Wormy Chestnut Dulcimer for “Myers Cemetery Preservation Association”

 This  Dulcimer Made from Cades’ Cove Wormy Chestnut

Has been sold!







  This 130 year old board, used in crafting this one of a kind keepsake Cades Cove Dulcimer, was donated by the Golman Myers family (Golman was the son of Peter Myers) to be used as a fundraiser for the non profit Myers Cemetery Preservation Association. The dulcimer has its origins in the Smoky Mountains. The Latin word dulci meaning sweet and the Greek word mellos meaning song are apt descriptions for the sweet sound of music coming from this quality instrument.  Mike Clemmer, master craftsman and owner of WOOD-N-STRINGS Dulcimer Shop, fashioned not only a beautiful musical instrument but one that does indeed sustain a sweet song from which the dulcimer derives its name. Hearing Mike play the old familiar hymns such as The Unclouded Day and Amazing Grace not only inspires but takes us back to the time early settlers called these beautiful Coves home. They were a people of great faith and courage. Their music was filled with stories of their struggles and triumphs in carving out a place for their families in the mountains of East Tennessee.


Proceeds from the bidding will be used to maintain and preserve historic Myers Cemetery which is the final resting place of many of the early settlers in Tuckaleechee Cove and nearby Coves.  Bidding will end December 15, 2012. More details regarding the bidding process will be posted on the MCPA website at


For more information on the Cades Cove dulcimer bidding– call (865)368-5900

The winner will be announced on the MCPA website. Please contact MCPA at (865)368-5900 if you need more information on the dulcimer.                            

Peter A. Myers

Circa 1910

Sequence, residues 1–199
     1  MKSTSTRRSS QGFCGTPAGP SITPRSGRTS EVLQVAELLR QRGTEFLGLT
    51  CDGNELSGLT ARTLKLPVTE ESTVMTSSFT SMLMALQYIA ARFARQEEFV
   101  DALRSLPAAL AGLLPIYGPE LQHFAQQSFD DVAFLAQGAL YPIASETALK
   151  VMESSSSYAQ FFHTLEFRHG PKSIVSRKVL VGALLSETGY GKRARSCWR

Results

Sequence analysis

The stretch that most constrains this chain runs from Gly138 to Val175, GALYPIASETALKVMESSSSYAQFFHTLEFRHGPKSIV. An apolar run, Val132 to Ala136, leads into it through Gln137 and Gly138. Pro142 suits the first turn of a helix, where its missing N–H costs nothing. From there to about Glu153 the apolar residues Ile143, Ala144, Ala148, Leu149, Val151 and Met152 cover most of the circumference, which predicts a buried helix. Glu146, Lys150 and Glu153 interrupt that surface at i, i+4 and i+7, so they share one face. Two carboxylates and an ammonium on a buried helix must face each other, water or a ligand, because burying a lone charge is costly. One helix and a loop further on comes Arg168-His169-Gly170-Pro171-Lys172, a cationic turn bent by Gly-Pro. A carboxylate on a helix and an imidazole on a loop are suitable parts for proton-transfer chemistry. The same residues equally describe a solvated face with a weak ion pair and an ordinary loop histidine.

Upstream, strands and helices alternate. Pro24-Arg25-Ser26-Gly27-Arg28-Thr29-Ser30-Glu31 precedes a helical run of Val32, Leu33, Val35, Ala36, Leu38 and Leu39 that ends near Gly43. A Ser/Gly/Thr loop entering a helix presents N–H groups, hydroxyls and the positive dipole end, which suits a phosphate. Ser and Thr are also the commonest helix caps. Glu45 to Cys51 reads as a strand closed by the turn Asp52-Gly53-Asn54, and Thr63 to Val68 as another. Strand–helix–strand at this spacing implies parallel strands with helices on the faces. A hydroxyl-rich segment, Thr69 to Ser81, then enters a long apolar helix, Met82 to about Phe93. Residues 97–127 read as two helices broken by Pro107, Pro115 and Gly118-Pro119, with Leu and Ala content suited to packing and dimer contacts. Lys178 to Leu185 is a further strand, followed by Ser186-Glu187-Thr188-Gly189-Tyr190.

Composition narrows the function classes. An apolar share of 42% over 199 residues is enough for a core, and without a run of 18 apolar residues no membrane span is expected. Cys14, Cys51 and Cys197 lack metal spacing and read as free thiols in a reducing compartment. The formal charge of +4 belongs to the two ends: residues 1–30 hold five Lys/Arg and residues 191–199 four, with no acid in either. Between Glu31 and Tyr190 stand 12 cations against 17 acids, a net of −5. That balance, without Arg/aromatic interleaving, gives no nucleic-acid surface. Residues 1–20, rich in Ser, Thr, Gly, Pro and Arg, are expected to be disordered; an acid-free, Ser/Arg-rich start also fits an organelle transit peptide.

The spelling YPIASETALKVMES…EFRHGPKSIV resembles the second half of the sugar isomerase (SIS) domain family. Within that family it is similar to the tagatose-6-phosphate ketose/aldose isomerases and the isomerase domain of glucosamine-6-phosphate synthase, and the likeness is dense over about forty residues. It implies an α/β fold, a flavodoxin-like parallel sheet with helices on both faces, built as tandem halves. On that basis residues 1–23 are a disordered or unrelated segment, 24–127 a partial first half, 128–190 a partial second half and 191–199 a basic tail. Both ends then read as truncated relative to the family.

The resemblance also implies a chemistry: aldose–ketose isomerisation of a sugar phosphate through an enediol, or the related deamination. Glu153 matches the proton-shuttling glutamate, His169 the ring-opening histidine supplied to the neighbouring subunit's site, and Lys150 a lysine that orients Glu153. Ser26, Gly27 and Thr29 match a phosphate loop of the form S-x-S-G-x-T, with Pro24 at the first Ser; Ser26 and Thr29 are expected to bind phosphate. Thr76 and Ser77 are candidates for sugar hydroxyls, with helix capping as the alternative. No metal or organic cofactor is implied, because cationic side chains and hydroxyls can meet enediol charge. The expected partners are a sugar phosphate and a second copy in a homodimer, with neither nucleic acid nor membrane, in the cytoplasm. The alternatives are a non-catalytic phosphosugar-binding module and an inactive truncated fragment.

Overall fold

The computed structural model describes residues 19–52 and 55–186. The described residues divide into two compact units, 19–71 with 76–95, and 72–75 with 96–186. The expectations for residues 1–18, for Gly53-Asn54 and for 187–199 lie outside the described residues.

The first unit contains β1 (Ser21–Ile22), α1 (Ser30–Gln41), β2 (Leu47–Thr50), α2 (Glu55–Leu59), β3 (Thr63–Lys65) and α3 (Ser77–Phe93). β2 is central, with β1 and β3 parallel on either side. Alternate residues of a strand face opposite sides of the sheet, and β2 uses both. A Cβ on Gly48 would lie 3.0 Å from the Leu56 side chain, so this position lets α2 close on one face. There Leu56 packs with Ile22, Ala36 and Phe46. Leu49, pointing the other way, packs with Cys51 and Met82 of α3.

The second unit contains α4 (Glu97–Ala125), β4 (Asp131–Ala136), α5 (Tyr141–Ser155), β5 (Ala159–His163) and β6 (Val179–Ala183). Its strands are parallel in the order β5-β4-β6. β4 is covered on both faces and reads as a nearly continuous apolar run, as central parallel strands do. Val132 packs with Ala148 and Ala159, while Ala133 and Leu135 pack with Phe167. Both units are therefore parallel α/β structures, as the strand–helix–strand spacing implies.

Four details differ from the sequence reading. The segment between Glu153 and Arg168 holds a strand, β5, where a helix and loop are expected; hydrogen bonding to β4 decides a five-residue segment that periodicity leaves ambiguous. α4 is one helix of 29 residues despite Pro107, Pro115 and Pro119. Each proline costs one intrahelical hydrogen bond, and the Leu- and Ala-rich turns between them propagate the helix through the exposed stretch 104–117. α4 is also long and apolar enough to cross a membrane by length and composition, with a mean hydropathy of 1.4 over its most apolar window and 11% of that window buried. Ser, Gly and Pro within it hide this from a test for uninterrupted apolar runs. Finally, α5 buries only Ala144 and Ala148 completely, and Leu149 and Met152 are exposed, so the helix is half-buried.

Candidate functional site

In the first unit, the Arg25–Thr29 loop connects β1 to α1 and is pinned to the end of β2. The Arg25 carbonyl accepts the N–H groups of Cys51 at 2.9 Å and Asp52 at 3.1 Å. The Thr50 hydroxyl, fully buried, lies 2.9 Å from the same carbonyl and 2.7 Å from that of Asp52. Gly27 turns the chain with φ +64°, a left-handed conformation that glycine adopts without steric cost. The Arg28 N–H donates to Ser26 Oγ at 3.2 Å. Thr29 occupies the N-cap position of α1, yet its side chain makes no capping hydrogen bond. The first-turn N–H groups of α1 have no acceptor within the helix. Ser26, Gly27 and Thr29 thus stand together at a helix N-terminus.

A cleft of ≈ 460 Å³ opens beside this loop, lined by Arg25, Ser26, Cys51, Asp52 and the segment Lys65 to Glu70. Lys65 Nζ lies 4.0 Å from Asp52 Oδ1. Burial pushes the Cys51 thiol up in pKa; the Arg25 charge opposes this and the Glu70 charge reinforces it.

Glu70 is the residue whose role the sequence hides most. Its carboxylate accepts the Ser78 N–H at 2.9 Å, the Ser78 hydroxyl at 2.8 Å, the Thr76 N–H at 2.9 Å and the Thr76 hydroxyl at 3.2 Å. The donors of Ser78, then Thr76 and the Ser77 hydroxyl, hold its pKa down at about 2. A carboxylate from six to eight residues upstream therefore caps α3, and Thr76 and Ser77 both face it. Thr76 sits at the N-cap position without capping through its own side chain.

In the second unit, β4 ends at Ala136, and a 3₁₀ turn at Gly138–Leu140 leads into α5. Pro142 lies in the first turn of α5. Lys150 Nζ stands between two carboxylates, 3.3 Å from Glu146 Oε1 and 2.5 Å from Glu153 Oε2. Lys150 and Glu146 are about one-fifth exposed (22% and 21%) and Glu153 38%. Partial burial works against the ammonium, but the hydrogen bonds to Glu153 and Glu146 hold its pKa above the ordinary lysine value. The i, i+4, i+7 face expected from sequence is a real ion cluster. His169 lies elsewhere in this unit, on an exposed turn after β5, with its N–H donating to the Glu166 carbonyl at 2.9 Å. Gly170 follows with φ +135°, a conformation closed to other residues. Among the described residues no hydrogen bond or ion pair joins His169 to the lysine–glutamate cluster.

More than one hundred and thirty years ago, long before they were destroyed by disease, a beautiful American chestnut tree grew tall and straight in the Cades Cove valley of Eastern Tennessee.  At that time the Smokey Mountains were filled with these beautiful and most useful trees.  They had many applications which included lumber for homes, farm buildings, rail fences as well as fire wood.  Also, the chestnuts that fell to the earth each fall were delicious to eat for humans, wild life, and domesticated animals.  One hundred and thirty years ago this special tree was cut down and sawed into lumber to be used in farm buildings and homes in Cades Cove by Peter Myers and his family.

Later, two of his grandsons, Ted and Wayne Myers, were hauling corn to market from their farm in Cades Cove.  The market was in Maryville, Tennessee and was more than 30 miles away.  Their old truck’s bed was in a bad state of repair and boards were needed to keep the corn from falling to the roadway during the long haul to Maryville.  They selected some wide chestnut boards from the corn crib to help with the repairs.  When the hauling was finished Ted Myers took the beautiful, wide chestnut boards and stored them in one of their barns at the Townsend farm.  Those boards remained in storage there until 2012 when Glenn Myers, Ted’s son, gave one of them to local master craftsman Mike Clemmer to be used in the construction of a very special dulcimer.  The result was a one of a kind dulcimer fashioned from a piece of this one hundred thirty year old chestnut lumber.



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